DEAF THEATER STAFF MEMBER INSPIRES CUSTOMERS, COLLEAGUES
It's a normal Friday night at the movies in mid-December. The crowds stop by the concession stand for the requisite popcorn and soda and are likely to receive a dose of inspiration along with their order. All thanks to Jivan Petit, a "concessionist" on the night shift at the AMC Loews Georgetown 14 theater on K Street Northwest, where he has worked for five years. The 30-something Mr. Petit has been deaf since he was 1 year old, save for being able to sense some vibrations. / Washington Times
NEW DEAF THEATER WEBSITE
New deaf theater website coordinated by Aaron Kelstone with the assistance of EDR staff Simon Ting and Cathy Clarke and faculty member Patricia Durr. This website showcases and promotes the works of national deaf and hard-of-hearing actors, performers and scriptwriters available through the National Technical Institute for the Deaf, a college of Rochester Institute of Technology. The site is designed for actors, performers, scriptwriters, students, teachers, scholars, and researchers. It offers access to biographies of the actors, performers or scriptwriters with descriptions of their work. Articles, scripts, book chapters and links to related sites are also featured. http://www.rit.edu/ntid/deaftheatre/
RARE VIDEO ON YOUTUBE: CLOSED CAPTIONING HISTORY
The only known video footage of the “father of closed captioning,” Dr. Malcolm J. Norwood, is now available for viewing on YouTube. This interview was shot in 1979, at the beginning of the development of closed captioning. Links to other closed captioning historical material appears in the accompanying program guide. This is brought to you by the National Association of the Deaf and the Described and Captioned Media Program. / YouTube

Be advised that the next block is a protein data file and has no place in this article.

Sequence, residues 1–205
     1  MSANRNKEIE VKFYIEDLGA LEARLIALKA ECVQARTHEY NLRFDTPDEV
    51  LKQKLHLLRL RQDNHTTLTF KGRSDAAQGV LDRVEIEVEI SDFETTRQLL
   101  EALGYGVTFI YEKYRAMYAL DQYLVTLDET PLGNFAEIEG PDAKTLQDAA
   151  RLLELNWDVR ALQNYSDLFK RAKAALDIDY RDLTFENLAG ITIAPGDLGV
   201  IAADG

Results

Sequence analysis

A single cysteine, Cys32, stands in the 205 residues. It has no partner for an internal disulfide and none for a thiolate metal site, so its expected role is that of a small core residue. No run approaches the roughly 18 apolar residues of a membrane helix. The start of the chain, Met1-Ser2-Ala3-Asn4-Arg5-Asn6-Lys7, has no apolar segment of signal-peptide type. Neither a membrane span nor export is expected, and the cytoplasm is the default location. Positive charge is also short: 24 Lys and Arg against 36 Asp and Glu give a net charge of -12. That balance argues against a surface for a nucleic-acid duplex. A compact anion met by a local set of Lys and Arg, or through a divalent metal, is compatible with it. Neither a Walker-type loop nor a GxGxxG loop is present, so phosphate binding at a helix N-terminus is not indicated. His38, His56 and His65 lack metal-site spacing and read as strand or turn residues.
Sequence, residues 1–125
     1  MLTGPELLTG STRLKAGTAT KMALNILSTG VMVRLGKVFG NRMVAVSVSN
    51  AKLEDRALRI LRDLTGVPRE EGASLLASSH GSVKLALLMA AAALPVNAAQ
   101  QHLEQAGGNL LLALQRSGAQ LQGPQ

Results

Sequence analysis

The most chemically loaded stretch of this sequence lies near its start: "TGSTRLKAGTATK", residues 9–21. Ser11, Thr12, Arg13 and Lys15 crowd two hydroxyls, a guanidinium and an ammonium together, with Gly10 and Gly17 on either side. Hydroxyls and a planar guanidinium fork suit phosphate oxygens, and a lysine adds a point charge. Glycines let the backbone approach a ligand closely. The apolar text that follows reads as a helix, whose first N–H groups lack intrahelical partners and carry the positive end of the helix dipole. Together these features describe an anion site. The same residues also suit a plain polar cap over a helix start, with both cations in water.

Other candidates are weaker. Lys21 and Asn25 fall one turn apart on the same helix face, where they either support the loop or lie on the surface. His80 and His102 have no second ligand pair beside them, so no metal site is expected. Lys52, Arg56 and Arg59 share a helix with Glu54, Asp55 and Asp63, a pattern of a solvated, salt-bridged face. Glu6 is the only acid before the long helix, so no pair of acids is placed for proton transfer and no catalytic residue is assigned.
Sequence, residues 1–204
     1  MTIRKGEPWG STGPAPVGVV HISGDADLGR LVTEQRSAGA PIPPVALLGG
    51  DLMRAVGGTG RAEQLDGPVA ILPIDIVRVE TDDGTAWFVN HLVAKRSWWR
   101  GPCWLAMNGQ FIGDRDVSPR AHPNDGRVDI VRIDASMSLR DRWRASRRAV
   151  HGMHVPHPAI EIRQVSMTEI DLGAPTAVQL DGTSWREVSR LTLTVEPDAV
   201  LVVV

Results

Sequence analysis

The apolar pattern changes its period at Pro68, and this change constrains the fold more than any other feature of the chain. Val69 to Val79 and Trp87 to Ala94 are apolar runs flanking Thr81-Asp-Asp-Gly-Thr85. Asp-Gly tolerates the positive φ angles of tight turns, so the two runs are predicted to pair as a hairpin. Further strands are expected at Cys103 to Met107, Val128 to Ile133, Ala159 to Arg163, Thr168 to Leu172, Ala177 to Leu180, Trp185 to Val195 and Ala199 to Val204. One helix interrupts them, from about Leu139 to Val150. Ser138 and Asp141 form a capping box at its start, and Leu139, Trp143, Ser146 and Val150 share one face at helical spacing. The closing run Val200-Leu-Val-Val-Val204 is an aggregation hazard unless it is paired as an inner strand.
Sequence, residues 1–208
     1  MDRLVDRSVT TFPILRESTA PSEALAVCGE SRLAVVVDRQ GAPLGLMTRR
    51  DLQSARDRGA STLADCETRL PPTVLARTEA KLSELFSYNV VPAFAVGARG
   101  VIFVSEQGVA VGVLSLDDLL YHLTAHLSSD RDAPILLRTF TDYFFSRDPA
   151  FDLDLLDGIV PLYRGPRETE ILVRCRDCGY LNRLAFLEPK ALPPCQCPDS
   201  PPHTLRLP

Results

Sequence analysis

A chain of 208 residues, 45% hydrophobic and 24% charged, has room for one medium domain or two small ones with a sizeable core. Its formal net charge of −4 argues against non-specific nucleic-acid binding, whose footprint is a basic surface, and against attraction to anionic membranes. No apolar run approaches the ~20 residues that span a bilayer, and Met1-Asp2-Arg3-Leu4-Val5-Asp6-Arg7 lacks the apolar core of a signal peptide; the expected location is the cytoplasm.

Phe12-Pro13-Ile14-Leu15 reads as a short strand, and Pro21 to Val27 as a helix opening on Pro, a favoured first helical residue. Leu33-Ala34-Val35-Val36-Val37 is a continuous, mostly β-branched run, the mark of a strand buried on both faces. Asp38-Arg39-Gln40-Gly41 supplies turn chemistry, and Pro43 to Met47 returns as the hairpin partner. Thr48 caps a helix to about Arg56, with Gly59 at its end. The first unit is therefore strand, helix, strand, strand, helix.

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2009 WIDEX SPORTSMAN AND SPORTSWOMAN OF THE YEAR
ICSD (International Committee of Sports for the Deaf) is pleased to announce that Terence PARKIN of South Africa and Aksana PETRUSHENKA of Belarus have been selected as the 2009 WIDEX Sportsman and Sportswoman of the Year by the members of International Committee of Sports for the Deaf Selections Commission through electronic ballot. They earned 68 and 65 points respectively. / ICSD
St. Augustine, FL
WHERE ARE THEY NOW? ASHLEY FIOLEK, MOTOCROSS RIDER
Ashley Fiolek, a former student at the Florida School for the Deaf and the Blind, landed on the national radar this year. The 19-year-old already has an eventful 2010 planned. After undergoing surgery for a broken collarbone in early September, her father Jim said that Fiolek and her Honda Red Bull Racing Team are scheduled to resume practicing on Jan. 2. Jim also said that Harper Collins is publishing a book on his daughter which is set to be released in April. / St. Augustine Record
CALIFORNIA NATIONAL ROUNDTABLE FOR ASL PROFESSIONALS
Teachers who teach American Sign Language to Deaf and hard-of-hearing students as their first language are invited to attend a national event which will be held in Fremont-Newark, Calif., January 13-16, 2010. The American Sign Language Roundtable (ASLRT) event focuses exclusively on Deaf students whose first language is American Sign Language. The conference will be held at Ohlone College Newark Center, 39399 Cherry Street, Newark, CA 94560. The theme of this year’s conference is, “ASL Language Planning in Deaf Education: Engaging, Empowering, Electrifying.” / CSDF News Release
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EXCITING CAREER OPPORTUNITIES AT GLAD, INC.
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Jr. Video Production Specialist
Reports to: Sr. Director of Marketing Communications
Department: Marketing Communications
FLSA Status: Hourly, Non-Exempt
Location: Rocklin, CA
About Purple Communications: